Rupture in south-central Alaska
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Rupture in south-central Alaska the Denali Fault Earthquake of 2002 by Gary S. Fuis

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Published by U.S. Dept. of the Interior, U.S. Geological Survey in Menlo Park, CA .
Written in English


  • Earthquakes -- Alaska

Book details:

Edition Notes

Other titlesRupture in south central Alaska., Denali Fault Earthquake of 2002., Reducing earthquake losses throughout the United States.
Statement[compiled by Gary S. Fuis and Lisa A. Wald ; cooperating organizations Alaska Division of Geological and Geophysical Surveys ... et al.].
SeriesUSGS fact sheet -- 014-03., Fact sheet (Geological Survey (U.S.)) -- FS-03-14.
ContributionsWald, Lisa A., Alaska. Division of Geological and Geophysical Surveys., Geological Survey (U.S.)
The Physical Object
Pagination1 sheet ([4] p.) :
ID Numbers
Open LibraryOL17621159M

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On Novem , at a.m. AKST ( UTC), a magnitude earthquake hit South Central Alaska. The earthquake's epicenter was near Point Mackenzie, about 10 miles (16 km) north of Anchorage, and occurred at a depth of 29 miles (47 km).It was followed six minutes later by a magnitude aftershock centered miles ( km) north-northwest of the affected: Alaska. The magnitude Great Alaska Earthquake that struck south-central Alaska at p.m. on Friday, Ma , is the largest recorded earthquake in U.S. history and the second-largest earthquake recorded with modern instruments. The earthquake was felt throughout most of mainland Alaska, as far west as Dutch Harbor in the Aleutian Islands. Open Library is an initiative of the Internet Archive, a (c)(3) non-profit, building a digital library of Internet sites and other cultural artifacts in digital projects include the Wayback Machine, and Rupture of the Susitna Glacier fault generated scarps on ice of the Susitna and West Fork glaciers and on tundra and surficial deposits along the southern front of the central Alaska Range. Based.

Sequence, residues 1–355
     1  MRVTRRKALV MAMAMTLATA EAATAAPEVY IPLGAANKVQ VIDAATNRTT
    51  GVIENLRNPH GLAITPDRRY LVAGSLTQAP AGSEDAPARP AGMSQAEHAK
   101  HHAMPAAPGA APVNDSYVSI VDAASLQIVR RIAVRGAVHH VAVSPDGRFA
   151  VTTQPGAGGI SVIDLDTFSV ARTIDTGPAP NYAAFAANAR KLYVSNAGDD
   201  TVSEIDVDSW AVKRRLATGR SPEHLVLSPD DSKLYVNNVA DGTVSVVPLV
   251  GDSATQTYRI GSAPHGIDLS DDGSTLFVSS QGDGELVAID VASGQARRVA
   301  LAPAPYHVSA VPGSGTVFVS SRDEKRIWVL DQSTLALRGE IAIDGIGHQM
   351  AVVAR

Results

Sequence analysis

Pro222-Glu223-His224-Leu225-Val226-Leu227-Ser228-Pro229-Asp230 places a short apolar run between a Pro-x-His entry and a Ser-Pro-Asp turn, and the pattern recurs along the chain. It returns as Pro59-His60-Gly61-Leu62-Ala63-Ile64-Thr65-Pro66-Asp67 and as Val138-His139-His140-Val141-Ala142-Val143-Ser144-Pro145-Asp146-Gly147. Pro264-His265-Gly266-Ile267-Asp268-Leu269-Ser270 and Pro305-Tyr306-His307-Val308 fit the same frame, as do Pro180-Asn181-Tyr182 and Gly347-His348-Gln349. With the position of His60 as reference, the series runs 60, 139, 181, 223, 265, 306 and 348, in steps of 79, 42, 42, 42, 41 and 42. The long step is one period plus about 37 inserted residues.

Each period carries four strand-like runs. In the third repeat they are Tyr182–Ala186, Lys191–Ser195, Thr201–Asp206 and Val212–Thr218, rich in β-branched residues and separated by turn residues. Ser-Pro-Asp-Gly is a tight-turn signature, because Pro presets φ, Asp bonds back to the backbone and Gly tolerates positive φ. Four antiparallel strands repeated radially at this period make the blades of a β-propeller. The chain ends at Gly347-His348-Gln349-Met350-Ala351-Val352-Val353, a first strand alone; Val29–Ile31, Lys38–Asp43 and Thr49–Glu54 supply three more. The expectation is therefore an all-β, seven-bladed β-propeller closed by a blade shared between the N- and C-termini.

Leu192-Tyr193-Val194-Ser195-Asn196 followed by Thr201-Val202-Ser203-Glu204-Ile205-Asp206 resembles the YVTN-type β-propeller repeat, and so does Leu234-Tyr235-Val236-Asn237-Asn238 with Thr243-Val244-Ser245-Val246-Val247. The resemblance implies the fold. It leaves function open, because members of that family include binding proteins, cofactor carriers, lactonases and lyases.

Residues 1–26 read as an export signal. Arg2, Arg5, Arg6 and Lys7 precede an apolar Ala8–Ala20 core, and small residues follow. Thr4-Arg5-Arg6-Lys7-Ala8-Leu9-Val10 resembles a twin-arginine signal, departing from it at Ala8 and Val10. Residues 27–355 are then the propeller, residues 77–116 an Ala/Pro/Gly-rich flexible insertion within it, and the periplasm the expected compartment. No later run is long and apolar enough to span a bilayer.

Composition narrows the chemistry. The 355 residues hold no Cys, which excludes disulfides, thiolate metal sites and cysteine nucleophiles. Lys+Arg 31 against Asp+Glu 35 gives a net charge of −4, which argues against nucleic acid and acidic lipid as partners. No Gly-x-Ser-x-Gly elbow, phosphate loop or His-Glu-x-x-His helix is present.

These waves generate a secondary slip pulse trailing the rupture front, but manifest almost entirely in ground motion perpendicular to the fault in the near-source region. We construct a spontaneously propagating rupture model exhibiting these features and use it to explain ground motions recorded during the Denali fault earthquake at pump Cited by: The Online Books Page. Browsing subject area: Earthquakes -- Alaska (Earthquakes -- Alaska. South-central Alaska consists of a collage of Paleozoic and Mesozoic tectonostratigraphic terranes and overlap assemblages. Following accretion to the continent, these terranes were transported northward along its margin along strike-slip faults such as the ancestral Denali fault that formed by . The 3 November Denali fault, Alaska, earthquake resulted in km of surface rupture on the Susitna Glacier, Denali, and Totschunda faults. The rupture proceeded from west to east and began with a km-long break on the previously unknown Susitna Glacier thrust fault. Slip on this thrust averaged about 4 m (Crone et al., ). Next came.

USGS published the results of investigations of the Alaska earthquake of Ma in a series of six Professional Papers. Professional Paper is an introduction to the story of a great earthquake—its geologic setting and effects, the field investigations, and the public and private reconstruction efforts.; Professional Paper describes the effects of the earthquake on Alaskan. The magnitude earthquake that occurred in south-central Alaska on November 3, ruptured a km long segment of the Denali Fault. The epicenter was located about 88 km west of the Trans-Alaska Pipeline, and the rupture propagated to the east across the pipeline right-of-way. Unfortunately the violence of the earthquake left south-central Alaska without a tide gage in operation. The only reliable record from the generating area is the one that was obtained by personnel of the U. S. Navy Fleet Weather Station at Kodiak: it is shown in adjacent Figure McGraw-Hill Book Co., I Inc., New York. P. Menard H. W. The devastating Alaskan M earthquake of , a timeline essay created by Zoe Jacobson. The Great Alaskan earthquake was tragic to all surrounding, as well as along the west coast of North America. After the major quake NOAA developed an Alaska Warning Centre now known as the National Tsunami Warning Centre, in which tsunami notifications are delivered to areas that may be impacted (Judd.